along the coast.
Some 300 inmates escaped after the
wall of a women's prison collapsed in
Iquique, the city closest to the quake's
Authorities said 110 of them were
recaptured, while police and soldiers
patrolled the streets to prevent any
Chilean television showed sagging
roofs, broken windows and shelves and
merchandise on the oor at shopping
centres in Iquique, located about
1800km north of the capital Santiago.
ousands of people had slept in
the open on hills surrounding the city
during the night.
Similar evacuation warnings were
issued in a ripple e ect up the Paci c
coast of South America and into Central
About 10 hours after the two-minute
quake, the Chilean government lifted
what remained of the nationwide
" e earthquake was quite violent.
" e hardest was spending the night
outside," Christian Martinez, a school
Martinez returned to survey his
classrooms in Iquique for any damage,
told Channel 13 television.
Chilean Interior Minister Rodrigo
Penalillo said six people --- four men
and two women --- were killed in
Iquique and the nearby Alto Hospicio
Another nine people were injured in
neighbouring Peru, where some homes
were damaged. --- AFP
Chileans return home after huge quake
A group of children exposed to higher
radiation levels from the Fukushima
nuclear accident faces a slightly higher
risk of thyroid cancer, United Nations
However, there would be no measurable
rise of cancer in the Japanese population
overall, the UN Scienti c Committee
on the E ects of Atomic Radiation said
in its nal report on the accident at the
Fukushima Daiichi nuclear power plant.
About 1000 children who were
evacuated from the vicinity received a
radiation dose of up to 80 milligrays.
"If we are honest, we must say there
is a chance that a few of these children
will have received thyroid doses which
are high enough that sometimes in the
future, thyroid cancer can develop,"
German expert Wolfgang Weiss, who
co-ordinated the investigation, said.
For the study, more than 80 scientists
from 18 countries analysed the radiation
levels to which people in Japan were
exposed, and the likelihood that the rate
of cancers a ecting the thyroid, blood,
breasts or other organs will rise. --- DPA
Slightly higher cancer risk
for 1000 Fukushima children
British Prime Minister David
Cameron came under pressure
in parliament overnight over his
government's sale of Royal Mail
with the opposition Labour Party
accusing him of selling the rm
o too cheaply to a handful of rich
e government's handling of
the sale of a 60% stake in the
500-year-old state postal operator
last October at 330p a share has
come under renewed scrutiny after
the country's spending watchdog
concluded the government had set
the price too low.
Labour has seized upon the
otation, and the quick pro ts
made by big banks and City
investors, to reinforce one of its
central arguments ahead of next
year's general election --- that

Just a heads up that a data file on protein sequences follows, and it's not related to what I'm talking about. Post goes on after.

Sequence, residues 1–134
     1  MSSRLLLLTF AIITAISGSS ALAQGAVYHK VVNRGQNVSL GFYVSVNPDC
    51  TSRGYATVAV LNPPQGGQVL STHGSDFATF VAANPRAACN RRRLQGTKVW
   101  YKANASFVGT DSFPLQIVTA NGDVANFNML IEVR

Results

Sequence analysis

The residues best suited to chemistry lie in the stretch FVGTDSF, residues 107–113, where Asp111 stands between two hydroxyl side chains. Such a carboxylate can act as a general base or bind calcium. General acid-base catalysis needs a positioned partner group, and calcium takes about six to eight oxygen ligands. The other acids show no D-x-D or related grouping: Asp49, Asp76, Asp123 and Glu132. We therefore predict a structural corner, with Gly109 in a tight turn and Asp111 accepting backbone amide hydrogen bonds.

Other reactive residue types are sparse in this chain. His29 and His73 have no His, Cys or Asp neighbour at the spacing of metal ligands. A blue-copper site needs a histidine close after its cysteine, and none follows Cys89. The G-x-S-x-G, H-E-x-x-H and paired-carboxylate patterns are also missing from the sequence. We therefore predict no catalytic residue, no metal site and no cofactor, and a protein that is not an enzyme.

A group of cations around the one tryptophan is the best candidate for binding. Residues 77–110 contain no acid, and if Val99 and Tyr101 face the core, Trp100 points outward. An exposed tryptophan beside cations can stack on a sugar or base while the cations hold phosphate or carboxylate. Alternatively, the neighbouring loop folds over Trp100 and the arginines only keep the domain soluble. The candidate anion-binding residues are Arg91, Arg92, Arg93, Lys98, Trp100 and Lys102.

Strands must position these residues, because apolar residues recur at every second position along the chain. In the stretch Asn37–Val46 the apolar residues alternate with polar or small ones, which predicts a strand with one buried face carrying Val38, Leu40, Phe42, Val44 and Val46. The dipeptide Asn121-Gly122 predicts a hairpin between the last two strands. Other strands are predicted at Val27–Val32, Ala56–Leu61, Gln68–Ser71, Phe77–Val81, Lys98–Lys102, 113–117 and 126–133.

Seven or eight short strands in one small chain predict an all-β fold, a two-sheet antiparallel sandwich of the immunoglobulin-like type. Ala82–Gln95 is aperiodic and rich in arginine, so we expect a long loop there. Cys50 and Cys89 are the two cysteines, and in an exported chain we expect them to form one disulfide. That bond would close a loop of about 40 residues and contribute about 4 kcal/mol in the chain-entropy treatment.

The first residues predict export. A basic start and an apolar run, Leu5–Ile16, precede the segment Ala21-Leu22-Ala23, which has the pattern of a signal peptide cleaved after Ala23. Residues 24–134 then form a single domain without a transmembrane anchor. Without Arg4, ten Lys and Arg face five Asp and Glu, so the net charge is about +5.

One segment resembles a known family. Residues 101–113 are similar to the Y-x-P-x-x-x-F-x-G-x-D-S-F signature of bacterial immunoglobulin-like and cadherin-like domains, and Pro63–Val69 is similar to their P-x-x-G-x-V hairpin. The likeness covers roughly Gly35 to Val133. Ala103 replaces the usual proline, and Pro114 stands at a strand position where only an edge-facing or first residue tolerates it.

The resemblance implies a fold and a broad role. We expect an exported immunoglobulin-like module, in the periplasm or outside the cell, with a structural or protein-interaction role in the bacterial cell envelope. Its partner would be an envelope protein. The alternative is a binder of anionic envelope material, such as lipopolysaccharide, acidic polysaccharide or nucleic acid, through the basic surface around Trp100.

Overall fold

Cameron's government is out of
touch with ordinary voters.
"He sold at 330p and this morning
the price was 563p," Labour leader
Ed Miliband told parliament. "It is
basic maths. Not so much the Wolf
of Wall Street; more the dunce
of Downing Street," he quipped,
referring to the street where
Cameron has his o ce.
"A third of the shares were sold
to just 16 city investors and there
was a gentleman's agreement that
those city investors wouldn't sell the
shares," Miliband said.
"What happened? Within weeks
half of those shares had been sold
and they had made a killing worth
hundreds of millions of pounds.
In other words 'mates rates' for his
friends in the City. is is a sale
nobody wanted and nobody voted
for --- a national asset sold at a
knockdown price to make a fortune
for the few."
e government has refused to
apologise for its handling of the
sale and Cameron said the oat had
raised £2 billion ($3.88 billion) for
the British taxpayer and created a
successful listed company.
" ere are now 140,000
shareholders working for the
Royal Mail, there are almost three-
quarters of a million members of
the public with shares, these are
signs for celebration," Cameron
"I will take a lecture from almost
anyone in the country about the
sale of Royal Mail but not from the
two muppets who advised the last
chancellor not to sell it at all," he
said, referring to Miliband and Ed
Balls, Labour's nancial spokesman.
Cameron feels heat over Royal Mail sale
e Duke of York has torn up hundreds
of years of protocol after he became the
rst member of the royal household to
take a sel e in a palace.
Hosting an event at St James's Palace,
at which 12 start-up businesses were
given the opportunity to woo investors,
Prince Andrew seized the opportunity to
snap a shot of himself and the assembled
He told the 350-strong audience: " is
is a unique day at the palace because we
are encouraging you to use your phones
and electronic gadgetry.
"As a result of that I've decided there's a
bit of a thing going around about sel es."
e duke then produced his smartphone
and snapped the shot.
He had earlier defaced a sign banning
cellphones so that it instead read 'Mobile
phones are allowed inside the State
A Buckingham palace source said:
" is was a tech-heavy event and the
duke quickly got into the spirit of things.